Trying to land that first (or second) teaching job can be a nerve-wracking experience. While some areas are in desperate need of qualified teachers, other markets are flooded with candidates. Having a professional, attention-grabbing cover letter and portfolio can make all the difference when trying to impress a hiring committee.
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It can be difficult to stay focused, positive, and proactive when you are laid off, but that is exactly what you need to do if you want to get a job!
1. Get Dressed<span style="display:block;position:relative;padding-top:56.25%;" class="rm-shortcode" data-rm-shortcode-id="f92e1a577cc2f446a6c780103c0b7f2c"><iframe lazy-loadable="true" src="https://www.youtube.com/embed/kjZdsVW0Lz8?rel=0" width="100%" height="auto" frameborder="0" scrolling="no" style="position:absolute;top:0;left:0;width:100%;height:100%;"></iframe></span><p>It may not seem important, but it is. Changing your clothes can change your mindset.</p><p>Just as it is important to have a designated area to "work" on your job search, you should have a <a href="https://www.workitdaily.com/what-nobody-tells-you-job-hunting" target="_blank">job search</a> wardrobe. You never know when you might interact with someone who might have a job opportunity for you. Put your best foot forward at all times.</p>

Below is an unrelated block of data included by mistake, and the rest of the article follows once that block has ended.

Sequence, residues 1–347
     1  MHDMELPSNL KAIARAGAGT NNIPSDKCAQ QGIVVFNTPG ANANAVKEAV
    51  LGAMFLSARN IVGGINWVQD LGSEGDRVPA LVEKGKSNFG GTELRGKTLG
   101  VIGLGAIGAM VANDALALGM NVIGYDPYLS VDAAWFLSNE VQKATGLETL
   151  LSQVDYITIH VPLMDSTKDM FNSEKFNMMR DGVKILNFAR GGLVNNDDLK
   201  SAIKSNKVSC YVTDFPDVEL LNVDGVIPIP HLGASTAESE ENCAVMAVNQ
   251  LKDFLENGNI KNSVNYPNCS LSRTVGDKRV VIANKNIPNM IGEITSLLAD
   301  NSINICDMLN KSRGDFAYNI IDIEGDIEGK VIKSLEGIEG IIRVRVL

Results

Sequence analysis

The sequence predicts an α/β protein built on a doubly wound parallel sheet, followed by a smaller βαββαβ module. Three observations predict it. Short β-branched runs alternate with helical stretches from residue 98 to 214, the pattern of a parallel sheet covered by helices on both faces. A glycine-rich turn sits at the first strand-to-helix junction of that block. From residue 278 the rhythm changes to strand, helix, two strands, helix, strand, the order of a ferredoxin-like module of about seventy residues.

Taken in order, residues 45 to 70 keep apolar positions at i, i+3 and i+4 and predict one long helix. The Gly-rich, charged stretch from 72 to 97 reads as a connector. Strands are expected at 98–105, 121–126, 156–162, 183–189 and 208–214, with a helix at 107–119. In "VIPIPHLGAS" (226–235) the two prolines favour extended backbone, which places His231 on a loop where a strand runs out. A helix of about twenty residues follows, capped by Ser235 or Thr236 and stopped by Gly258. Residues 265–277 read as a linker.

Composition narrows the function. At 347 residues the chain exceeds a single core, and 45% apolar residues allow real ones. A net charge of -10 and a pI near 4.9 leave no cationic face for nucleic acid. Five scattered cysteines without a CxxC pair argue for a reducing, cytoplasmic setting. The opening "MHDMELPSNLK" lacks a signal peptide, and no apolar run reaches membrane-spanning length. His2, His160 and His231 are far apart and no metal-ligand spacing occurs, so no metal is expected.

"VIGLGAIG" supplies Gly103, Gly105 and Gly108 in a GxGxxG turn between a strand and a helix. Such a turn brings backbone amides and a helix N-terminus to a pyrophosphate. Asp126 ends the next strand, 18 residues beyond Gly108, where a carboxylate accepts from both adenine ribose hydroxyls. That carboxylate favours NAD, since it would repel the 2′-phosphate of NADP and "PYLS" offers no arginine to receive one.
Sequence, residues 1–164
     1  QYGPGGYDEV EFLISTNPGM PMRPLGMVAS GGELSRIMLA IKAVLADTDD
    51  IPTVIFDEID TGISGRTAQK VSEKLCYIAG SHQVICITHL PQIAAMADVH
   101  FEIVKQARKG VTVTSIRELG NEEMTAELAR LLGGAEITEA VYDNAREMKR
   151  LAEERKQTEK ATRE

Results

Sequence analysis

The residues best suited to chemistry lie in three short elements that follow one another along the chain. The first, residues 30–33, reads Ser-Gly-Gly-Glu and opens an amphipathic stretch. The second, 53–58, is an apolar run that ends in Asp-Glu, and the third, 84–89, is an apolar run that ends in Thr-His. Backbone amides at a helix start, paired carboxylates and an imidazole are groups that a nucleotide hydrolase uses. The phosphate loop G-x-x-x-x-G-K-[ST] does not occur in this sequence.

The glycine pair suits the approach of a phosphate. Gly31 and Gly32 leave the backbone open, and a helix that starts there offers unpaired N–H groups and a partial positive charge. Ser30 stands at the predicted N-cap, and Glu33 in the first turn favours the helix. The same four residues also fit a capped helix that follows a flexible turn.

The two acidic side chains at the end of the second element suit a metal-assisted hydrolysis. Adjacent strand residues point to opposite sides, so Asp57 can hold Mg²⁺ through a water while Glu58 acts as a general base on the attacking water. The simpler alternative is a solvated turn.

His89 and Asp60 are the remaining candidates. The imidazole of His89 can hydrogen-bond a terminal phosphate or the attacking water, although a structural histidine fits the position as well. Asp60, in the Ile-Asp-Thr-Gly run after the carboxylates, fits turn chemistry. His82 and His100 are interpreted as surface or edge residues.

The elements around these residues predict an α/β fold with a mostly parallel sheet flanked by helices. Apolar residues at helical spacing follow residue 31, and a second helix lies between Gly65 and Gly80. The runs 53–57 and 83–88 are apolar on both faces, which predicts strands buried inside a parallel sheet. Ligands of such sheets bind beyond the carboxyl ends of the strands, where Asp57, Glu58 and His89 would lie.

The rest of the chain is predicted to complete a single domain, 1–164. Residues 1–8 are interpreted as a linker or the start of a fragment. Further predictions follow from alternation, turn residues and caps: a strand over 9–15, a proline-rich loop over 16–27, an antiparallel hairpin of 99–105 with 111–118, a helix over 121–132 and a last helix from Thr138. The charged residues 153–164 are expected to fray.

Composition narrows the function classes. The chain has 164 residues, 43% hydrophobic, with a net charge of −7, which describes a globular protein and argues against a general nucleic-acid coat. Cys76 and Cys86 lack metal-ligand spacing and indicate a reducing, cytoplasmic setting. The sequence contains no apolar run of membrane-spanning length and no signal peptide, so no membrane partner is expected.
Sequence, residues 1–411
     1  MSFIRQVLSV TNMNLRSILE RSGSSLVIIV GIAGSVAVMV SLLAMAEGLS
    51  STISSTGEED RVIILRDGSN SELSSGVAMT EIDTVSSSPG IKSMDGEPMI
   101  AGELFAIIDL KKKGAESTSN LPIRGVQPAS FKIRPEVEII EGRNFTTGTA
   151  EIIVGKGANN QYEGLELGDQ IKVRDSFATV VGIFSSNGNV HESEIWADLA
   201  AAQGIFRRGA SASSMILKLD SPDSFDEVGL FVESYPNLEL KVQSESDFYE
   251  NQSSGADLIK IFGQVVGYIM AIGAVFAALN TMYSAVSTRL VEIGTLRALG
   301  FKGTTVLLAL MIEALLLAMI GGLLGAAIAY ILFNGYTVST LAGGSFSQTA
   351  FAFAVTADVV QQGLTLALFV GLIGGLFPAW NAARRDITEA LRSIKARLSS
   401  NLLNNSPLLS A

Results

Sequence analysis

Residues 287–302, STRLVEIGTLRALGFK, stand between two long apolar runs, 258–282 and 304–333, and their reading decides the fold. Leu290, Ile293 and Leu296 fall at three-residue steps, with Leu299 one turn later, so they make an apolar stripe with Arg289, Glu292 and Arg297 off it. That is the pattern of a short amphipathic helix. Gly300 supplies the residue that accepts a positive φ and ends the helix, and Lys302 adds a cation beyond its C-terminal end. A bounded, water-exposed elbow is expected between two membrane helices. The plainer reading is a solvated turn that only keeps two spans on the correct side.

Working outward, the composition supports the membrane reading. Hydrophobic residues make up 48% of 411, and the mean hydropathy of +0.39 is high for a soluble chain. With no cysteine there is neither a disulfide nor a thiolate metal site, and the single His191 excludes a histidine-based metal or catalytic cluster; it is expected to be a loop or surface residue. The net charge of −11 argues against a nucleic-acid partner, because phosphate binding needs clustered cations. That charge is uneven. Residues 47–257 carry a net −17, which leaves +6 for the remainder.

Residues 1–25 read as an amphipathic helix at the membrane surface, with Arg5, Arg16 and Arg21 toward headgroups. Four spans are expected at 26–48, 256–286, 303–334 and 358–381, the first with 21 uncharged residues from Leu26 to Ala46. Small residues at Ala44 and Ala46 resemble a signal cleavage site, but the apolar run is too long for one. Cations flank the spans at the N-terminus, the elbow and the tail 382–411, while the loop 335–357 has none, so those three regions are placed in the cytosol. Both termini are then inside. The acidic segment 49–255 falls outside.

2. Leave The House Every Day<img lazy-loadable="true" src="https://assets.rebelmouse.io/eyJhbGciOiJIUzI1NiIsInR5cCI6IkpXVCJ9.eyJpbWFnZSI6Imh0dHBzOi8vYXNzZXRzLnJibC5tcy8yMjkzNjIyOS9vcmlnaW4uanBnIiwiZXhwaXJlc19hdCI6MTYzOTQwMzQwNn0.lVjoh1RQAjxO50P5PH79rtqzevaZMbcWTdGeiIMDiAQ/img.jpg?width=980" id="459fa" class="rm-shortcode" data-rm-shortcode-id="3fe0a48b112940593e7140bac8a67625" data-rm-shortcode-name="rebelmouse-image" alt="Woman stays positive after being laid off" /><p>Leaving the house every day will increase your chances of meeting others with job opportunities, or even interview opportunities. Even beyond the simple act of reminding people you exist by presenting yourself in public, you get human acknowledgement.</p><p>Sitting at home, alone, in front of a computer can result in feeling like you don't exist after a while. Making eye contact with others and receiving acknowledgement can really improve your <a href="https://www.workitdaily.com/how-to-be-happier-and-confident" target="_blank">confidence and self-esteem</a>.</p>